Traditional Medicine: Urban Myth or Secret Lifesaver?
When I was sick as a little girl, my mother would use all types of traditional Haitian concoctions and ideas to treat my symptoms. Fearing them immensely, I would run and hide thinking that she was absolutely nuts and preferring Tylenol or Robitussin instead. Yet, now I find myself following her traditions as opposed to shelling out money on the generic medicines at CVS. Maybe over time I became used to these, but I truly believed that they worked.
However, during my first couple of years in college, I recommended using lemon juice to to treat my friend’s mucus-filled noise and she laughed thinking it was absurd. I told her it was actually an effective idea with guaranteed results, but she refused to believe me. It was then that I realized that my mother’s traditional medicine or traditional forms of medicine in general, seem ineffective in comparison to mainstream medicine. I wondered how people could be so skeptical about techniques that had been so helpful in some of my worst times. Moreover, I wondered if traditional medicine was to visiting the doctor every time one experiences cold-like symptoms.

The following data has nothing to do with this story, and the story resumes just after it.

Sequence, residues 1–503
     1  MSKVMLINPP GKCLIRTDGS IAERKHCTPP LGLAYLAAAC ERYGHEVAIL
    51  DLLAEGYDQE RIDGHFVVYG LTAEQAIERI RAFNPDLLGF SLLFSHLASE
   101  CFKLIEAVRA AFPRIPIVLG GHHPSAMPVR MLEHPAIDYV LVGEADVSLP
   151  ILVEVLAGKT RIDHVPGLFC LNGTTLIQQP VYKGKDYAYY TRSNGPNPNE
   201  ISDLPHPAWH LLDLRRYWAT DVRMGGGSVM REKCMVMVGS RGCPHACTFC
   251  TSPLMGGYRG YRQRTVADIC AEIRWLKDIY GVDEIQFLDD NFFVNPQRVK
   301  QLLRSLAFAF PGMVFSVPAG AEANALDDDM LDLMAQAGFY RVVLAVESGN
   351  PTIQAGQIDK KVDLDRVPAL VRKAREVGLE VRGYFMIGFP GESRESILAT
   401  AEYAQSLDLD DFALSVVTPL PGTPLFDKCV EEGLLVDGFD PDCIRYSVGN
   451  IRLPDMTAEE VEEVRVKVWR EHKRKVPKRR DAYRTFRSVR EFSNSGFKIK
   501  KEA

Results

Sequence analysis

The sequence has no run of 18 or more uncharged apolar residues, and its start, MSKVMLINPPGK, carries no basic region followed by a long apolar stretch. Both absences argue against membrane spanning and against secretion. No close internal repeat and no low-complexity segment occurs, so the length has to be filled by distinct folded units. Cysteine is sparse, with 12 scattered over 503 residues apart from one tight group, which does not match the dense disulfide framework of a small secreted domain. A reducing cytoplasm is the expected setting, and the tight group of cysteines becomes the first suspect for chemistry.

More commonly known as folk medicine, The World Health Organization (WHO) defines it as,
“the sum total of knowledge, skills and practices based on the theories, beliefs and experiences indigenous to different cultures that are used to maintain health, as well as to prevent, diagnose, improve or treat physical and mental illnesses. Traditional medicine that has been adopted by other populations (outside its indigenous culture) is often termed alternative or complementary medicine.” (1)
However, WHO also goes on to note that in Asian or African countries, 80% of its residents use some form of traditional medicine as a primary or complement to a source of health care, yet the organization itself must do more study on the field in order to determine its safety in use and application.